French Open #SmashTalk: What next for Djokovic?

Published by TenniSmash

Novak Djokovic won the most recent of his 12 Grand Slam titles two years ago; Getty Images

Novak Djokovic had looked on course for a first Grand Slam semifinal in nearly two years, and maybe more, until he ran into inspired Italian Marco Cecchinato at Roland Garros.

The #SmashTalk team of Vivienne Christie, Piers Newbery and Leigh Rogers discusses where the 12-time Grand Slam champion goes from here, and considers the potential blockbusters to be provided by Simona Halep, Angelique Kerber, Maria Sharapova and Garbine Muguruza on Wednesday.

We would love to know your thoughts on today’s big topics too. Have your say on Facebook and Twitter using #SmashTalk.

What next for Djokovic?

Marco Cecchinato beats Novak Djokovic 6-3 7-6(4) 1-6 7-6(11).

Piers Newbery: Only he knows the extent of any physical issues he’s coping with, and he wouldn’t be drawn on the specifics after Tuesday’s defeat, but there is no doubt that it was a particularly chastening experience for one of the game’s all-time greats. On the face of it there was much to be encouraged by on a return to the quarterfinal stage at a Grand Slam for the first time in 21 months, with a couple of hard-won victories along the way.

However, the lightning reactions and relentless line-hitting precision seem to have been dulled. It’s now two years since a shell-shocked Rafael Nadal said “I know nobody playing tennis like this ever” after peak Djokovic had thrashed him in Qatar. More encouraging than his tennis was Djokovic’s reaction to defeat on Tuesday – he could not hide the depth of his disappointment and that suggests the hunger is still there.

Leigh Rogers: Full credit to Marco Cecchinato for his inspired run, but unfortunately Djokovic’s return continues to be a case of ‘one step forward, two steps back’. Reaching the quarterfinals is a positive result, but a loss to an unheralded world No.72 is perplexing.

In 52 previous Grand Slam appearances, only twice had Djokovic lost to a player ranked outside the top 70 (and one was former world No.1 Marat Safin when he was ranked No.75 at Wimbledon 2008). Djokovic’s disappointment suggests he does still care – perhaps this result will reignite the competitive fire that once made him near-unbeatable?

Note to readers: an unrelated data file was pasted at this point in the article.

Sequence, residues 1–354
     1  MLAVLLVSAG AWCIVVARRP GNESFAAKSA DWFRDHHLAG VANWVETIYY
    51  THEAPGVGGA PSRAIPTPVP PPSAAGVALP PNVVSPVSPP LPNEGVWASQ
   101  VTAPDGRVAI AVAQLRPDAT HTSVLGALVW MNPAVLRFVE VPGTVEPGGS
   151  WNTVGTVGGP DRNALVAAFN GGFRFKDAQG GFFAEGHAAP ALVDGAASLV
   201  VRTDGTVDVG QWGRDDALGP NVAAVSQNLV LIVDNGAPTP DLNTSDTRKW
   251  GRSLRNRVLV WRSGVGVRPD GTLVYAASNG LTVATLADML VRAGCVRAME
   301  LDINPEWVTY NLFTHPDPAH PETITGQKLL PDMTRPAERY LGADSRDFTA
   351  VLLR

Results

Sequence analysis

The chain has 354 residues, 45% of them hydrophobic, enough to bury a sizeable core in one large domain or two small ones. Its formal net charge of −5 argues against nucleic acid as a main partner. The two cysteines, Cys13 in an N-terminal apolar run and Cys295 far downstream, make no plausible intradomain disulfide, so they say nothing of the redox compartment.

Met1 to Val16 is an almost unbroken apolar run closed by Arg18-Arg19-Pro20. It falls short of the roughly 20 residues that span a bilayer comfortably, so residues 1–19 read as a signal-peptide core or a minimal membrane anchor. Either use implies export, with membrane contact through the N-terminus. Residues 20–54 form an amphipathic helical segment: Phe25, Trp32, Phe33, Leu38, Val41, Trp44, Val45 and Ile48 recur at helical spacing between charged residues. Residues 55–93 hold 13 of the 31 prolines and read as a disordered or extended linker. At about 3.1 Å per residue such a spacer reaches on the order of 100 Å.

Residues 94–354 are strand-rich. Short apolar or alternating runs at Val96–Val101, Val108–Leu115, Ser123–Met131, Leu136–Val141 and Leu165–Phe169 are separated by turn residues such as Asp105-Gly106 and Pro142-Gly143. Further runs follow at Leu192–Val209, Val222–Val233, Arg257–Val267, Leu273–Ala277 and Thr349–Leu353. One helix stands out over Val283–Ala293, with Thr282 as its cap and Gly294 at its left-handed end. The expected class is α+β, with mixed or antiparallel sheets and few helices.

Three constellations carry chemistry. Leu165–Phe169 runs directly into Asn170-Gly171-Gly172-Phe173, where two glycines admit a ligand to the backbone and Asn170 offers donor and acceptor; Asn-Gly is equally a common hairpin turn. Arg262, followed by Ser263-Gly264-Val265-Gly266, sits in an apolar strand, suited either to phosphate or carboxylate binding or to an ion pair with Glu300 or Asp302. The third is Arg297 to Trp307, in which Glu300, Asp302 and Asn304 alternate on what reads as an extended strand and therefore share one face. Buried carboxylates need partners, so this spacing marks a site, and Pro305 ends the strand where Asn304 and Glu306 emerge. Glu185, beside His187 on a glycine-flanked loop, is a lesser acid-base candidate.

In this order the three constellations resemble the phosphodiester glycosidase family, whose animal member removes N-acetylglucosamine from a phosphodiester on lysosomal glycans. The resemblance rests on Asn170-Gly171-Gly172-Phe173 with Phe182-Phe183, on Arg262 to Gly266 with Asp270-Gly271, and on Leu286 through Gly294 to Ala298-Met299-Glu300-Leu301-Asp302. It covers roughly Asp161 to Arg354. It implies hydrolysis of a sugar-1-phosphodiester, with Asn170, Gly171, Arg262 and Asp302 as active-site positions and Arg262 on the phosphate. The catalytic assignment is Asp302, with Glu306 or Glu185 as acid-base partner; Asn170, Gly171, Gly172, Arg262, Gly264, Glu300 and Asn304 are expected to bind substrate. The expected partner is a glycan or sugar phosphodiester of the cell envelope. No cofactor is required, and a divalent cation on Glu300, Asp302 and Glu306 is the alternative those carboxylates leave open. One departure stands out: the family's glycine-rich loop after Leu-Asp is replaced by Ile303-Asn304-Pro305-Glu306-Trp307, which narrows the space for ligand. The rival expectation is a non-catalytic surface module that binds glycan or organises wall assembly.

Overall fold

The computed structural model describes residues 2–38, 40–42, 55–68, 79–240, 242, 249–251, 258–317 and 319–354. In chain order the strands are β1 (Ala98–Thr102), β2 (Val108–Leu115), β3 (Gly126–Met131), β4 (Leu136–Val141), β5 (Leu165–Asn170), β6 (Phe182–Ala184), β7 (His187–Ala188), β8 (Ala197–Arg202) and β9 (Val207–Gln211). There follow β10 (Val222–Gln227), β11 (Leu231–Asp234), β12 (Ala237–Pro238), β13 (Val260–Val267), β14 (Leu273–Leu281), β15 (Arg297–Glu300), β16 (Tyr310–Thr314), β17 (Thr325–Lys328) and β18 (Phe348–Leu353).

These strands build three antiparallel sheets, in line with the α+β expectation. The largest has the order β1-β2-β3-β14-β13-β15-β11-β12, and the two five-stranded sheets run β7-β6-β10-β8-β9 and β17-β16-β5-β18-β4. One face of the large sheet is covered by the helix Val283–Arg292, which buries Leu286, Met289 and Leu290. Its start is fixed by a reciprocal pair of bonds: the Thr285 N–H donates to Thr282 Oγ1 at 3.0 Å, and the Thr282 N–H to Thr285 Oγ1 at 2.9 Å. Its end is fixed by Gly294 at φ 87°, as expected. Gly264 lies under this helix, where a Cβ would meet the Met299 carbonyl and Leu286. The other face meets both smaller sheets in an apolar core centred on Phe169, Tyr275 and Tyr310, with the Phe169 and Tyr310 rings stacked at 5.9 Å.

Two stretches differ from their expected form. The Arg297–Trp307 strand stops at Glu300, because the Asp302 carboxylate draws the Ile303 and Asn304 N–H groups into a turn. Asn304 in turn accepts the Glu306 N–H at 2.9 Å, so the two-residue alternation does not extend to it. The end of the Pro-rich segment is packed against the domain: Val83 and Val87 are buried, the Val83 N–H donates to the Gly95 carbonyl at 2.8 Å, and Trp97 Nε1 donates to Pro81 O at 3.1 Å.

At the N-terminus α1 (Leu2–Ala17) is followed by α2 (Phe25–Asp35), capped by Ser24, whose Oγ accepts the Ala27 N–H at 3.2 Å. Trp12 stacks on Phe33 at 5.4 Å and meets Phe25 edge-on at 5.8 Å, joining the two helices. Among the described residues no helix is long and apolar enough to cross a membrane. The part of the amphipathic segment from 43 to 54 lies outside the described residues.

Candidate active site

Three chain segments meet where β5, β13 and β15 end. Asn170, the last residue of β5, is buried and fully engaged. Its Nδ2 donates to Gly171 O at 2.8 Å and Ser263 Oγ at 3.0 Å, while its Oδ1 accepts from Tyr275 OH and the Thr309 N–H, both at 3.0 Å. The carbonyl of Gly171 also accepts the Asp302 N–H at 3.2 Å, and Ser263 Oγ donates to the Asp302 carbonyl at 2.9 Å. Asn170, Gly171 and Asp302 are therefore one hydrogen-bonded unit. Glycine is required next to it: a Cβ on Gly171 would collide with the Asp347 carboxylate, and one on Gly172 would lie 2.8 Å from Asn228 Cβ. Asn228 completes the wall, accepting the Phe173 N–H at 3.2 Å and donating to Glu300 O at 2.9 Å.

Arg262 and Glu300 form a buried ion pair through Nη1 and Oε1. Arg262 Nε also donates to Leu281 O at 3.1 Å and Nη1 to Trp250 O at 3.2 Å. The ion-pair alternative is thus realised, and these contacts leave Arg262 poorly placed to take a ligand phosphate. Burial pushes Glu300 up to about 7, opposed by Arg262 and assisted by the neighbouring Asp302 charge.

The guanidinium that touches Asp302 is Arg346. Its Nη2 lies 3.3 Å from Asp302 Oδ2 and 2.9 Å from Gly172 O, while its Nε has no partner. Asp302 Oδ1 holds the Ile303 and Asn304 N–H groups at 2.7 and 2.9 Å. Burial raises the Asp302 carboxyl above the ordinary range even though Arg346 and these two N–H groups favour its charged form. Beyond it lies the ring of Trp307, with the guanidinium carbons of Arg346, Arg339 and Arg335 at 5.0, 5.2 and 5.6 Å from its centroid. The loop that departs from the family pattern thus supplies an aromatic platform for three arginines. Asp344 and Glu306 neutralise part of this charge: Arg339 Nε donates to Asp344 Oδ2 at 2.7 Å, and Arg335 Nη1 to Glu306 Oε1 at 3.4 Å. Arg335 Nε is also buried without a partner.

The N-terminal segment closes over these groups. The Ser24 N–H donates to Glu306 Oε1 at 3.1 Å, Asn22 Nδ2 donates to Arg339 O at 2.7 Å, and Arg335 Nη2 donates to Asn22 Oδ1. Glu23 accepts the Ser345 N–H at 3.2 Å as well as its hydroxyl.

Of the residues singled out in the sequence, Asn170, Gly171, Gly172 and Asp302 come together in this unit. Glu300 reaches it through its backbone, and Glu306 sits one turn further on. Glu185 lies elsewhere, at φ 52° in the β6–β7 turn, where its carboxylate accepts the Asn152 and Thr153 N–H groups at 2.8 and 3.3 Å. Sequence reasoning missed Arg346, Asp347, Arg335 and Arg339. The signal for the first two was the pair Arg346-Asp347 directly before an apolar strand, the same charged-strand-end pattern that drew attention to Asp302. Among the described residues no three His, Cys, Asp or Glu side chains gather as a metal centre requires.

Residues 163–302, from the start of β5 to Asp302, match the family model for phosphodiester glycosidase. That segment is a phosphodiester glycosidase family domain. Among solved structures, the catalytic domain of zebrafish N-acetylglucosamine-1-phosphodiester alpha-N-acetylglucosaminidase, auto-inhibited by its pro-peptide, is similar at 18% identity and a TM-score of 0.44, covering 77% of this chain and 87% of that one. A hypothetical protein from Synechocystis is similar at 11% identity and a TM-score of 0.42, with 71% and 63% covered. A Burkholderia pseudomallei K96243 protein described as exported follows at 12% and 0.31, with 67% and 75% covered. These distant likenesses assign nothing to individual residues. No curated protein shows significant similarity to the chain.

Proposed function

Vivienne Christie: In a fast-tracked media conference an uncharacteristically abrupt Djokovic insisted he wasn’t “thinking about tennis” – but we all know that’s unlikely to be true. Novak’s bitter disappointment underlines a fierce desire to regain his highest level and despite a suggestion he may not play the upcoming grass season, Djokovic will also know it’s a valuable chance to recover lost ground.

In the two years since he last claimed a Slam, we’ve come to know a reactive Novak: spiritual coach Pepe Imaz employed, long-time advisor Marion Vajda temporarily replaced with high-profile coaches Andre Agassi and Radek Stepanek. Let’s hope for a more contemplative response to this latest challenge: even as he lost to a world No.72, some superb passages of play highlighted that the “old” Novak still exists. Under the stabilising influence of the recently-restored Vajda, there’s hope Djokovic can rebuild.

Halep or Kerber, Sharapova or Muguruza?

Leigh: Kerber and Muguruza. If Wednesday’s meeting between Halep and Kerber comes close to their incredible AO2018 semifinal, tennis fans are in for a treat. Halep has the clay credentials but Kerber has proved she can never be discounted with impressive wins over Kiki Bertens and Caroline Garcia this tournament. I’m tipping Kerber to score an upset and win in three sets.

Sharapova has a 3-0 head-to-head record against Muguruza, but all those meetings were early in the Spaniard’s career. Muguruza is more comfortable in big matches now and won’t be intimidated by Sharapova.

Vivienne: Halep and MuguruzaIn some ways, it’s like the Sharapova who last played the French Open three years ago has never been away. She’s seeded, into a ninth quarterfinal and playing the fierce, big-hitting tennis that’s helped her win the title twice. But in her absence, the equally powerful Muguruza stepped up to become the 2016 champion and is showing every sign of winning again this year. Like their previous three meetings it will be a close contest, but Muguruza will win this time.

After their Melbourne epic, Halep will be hoping for an easier passage into a third semifinal at Roland Garros. But the hard-court loving Kerber appears to have found her clay-court footing under the guidance of Wim Fisette. I can’t quite see the German progressing to a first French Open semifinal but I do expect her to stretch Halep to three sets.

Piers: Halep and Muguruza. There might be less hype than ahead of Serena v Sharapova – there could hardly have been more – but in pure tennis terms, Halep v Kerber is more likely to deliver a compelling match. It’s Kerber who provides the unknown factor – six years on from her last Roland Garros quarterfinal she is suddenly playing with real freedom and belief. Halep’s prowess on the surface should be enough, but she cannot afford to let her standards slip.

For Sharapova, her reward for a free-pass into the quarters after Serena’s withdrawal is to come up against a similarly daunting opponent. The win over Pliskova was arguably the best of her recent comeback, but Muguruza has the weight of shot and big-game temperament to end the Russian’s renaissance.

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